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What is Type 1 Diabetes?

Type 1 diabetes is an autoimmune condition, meaning it occurs when the immune system mistakenly attacks and destroys insulin-producing beta cells in the pancreas.

Though the exact cause of this condition is unknown, there are factors that play a significant role in its development. These include: 

  • Genetic Predisposition: Individuals with a family history of type 1 diabetes are at a higher risk. Certain genetic markers increase susceptibility to autoimmune reactions that target the insulin-producing cells in the pancreas.

  • Environmental Triggers: While genetics contribute to the risk, environmental factors also play a role in triggering the autoimmune response. Viral infections, particularly during childhood, have been linked to the development of type 1 diabetes. It is believed that certain viruses may act as triggers, prompting the immune system to mistakenly attack the pancreatic cells.


Type 1 diabetes often develops early in life, typically during childhood or adolescence, but it can occur at any age. Unlike type 2 diabetes, which is often associated with lifestyle factors such as obesity and physical inactivity, type 1 diabetes is not preventable through lifestyle changes.

Symptoms of Type 1 Diabetes

The symptoms of type 1 diabetes can develop relatively quickly (particularly in children).

If you notice any of the following symptoms, you should visit your GP for further testing immediately:

  • Increased thirst
  • Frequent urination
  • Unexplained weight loss
  • Fatigue
  • Irritability and mood changes
  • Blurred vision
  • Yeast infections (thrush)
  • Cuts and grazes that aren’t healing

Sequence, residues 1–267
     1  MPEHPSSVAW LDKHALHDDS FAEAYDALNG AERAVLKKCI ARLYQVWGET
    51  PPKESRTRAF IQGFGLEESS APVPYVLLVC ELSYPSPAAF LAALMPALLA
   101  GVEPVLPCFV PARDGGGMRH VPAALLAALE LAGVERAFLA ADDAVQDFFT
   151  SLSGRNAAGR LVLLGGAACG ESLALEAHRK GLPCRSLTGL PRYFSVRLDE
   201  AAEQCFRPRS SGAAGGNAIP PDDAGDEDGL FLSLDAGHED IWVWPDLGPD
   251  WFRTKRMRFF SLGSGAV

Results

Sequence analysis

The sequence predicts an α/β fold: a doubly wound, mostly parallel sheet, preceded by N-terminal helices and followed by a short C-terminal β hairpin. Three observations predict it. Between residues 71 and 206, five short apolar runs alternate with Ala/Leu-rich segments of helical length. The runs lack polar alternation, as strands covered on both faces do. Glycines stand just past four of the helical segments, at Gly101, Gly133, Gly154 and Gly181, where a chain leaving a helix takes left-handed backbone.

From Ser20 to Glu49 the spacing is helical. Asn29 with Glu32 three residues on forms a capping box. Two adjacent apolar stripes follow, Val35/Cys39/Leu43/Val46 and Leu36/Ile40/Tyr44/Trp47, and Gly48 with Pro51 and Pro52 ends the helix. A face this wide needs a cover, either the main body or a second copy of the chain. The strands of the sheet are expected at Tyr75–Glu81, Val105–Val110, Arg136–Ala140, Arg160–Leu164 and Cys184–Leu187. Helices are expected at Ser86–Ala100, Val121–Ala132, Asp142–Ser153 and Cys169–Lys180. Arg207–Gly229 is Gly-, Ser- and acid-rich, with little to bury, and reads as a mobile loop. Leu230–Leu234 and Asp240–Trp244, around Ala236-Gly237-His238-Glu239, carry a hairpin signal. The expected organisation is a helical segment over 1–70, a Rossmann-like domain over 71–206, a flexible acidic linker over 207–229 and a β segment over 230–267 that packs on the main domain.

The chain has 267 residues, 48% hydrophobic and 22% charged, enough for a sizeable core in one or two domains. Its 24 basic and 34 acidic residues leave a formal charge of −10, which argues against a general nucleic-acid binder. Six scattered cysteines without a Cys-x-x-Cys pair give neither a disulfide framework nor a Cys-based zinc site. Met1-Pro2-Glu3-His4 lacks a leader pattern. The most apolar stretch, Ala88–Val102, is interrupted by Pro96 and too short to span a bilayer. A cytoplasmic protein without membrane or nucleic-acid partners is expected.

It’s important to note that these symptoms can vary in intensity, and not everyone with type 1 diabetes will experience all of them. If you or someone around you is experiencing symptoms suggestive of diabetes, it is crucial to seek prompt medical attention for diagnosis and appropriate management.

Diagnosing Type 1 Diabetes

If you’ve gone to your GP with symptoms of type 1 Diabetes, your GP will ask you for a urine sample and might check your blood sugar levels.

If these tests indicate that you might have diabetes, you’ll be advised to go to hospital straight away for further testing. You’ll need to stay in the hospital until the blood test results have come back – this is usually the same day as the tests were performed.

If you’re diagnosed with type 1 diabetes, you will be shown how to start managing your condition before leaving the hospital, including how to test your own blood sugar levels and how to inject insulin safely into your body.

Order Your Prescription with Healthera

If you’ve been diagnosed with type 1 diabetes, you can order your prescription online from your local pharmacy with Healthera. 

It only takes a few minutes to set up your prescription for collection or home delivery.

To get started, simply click the button below: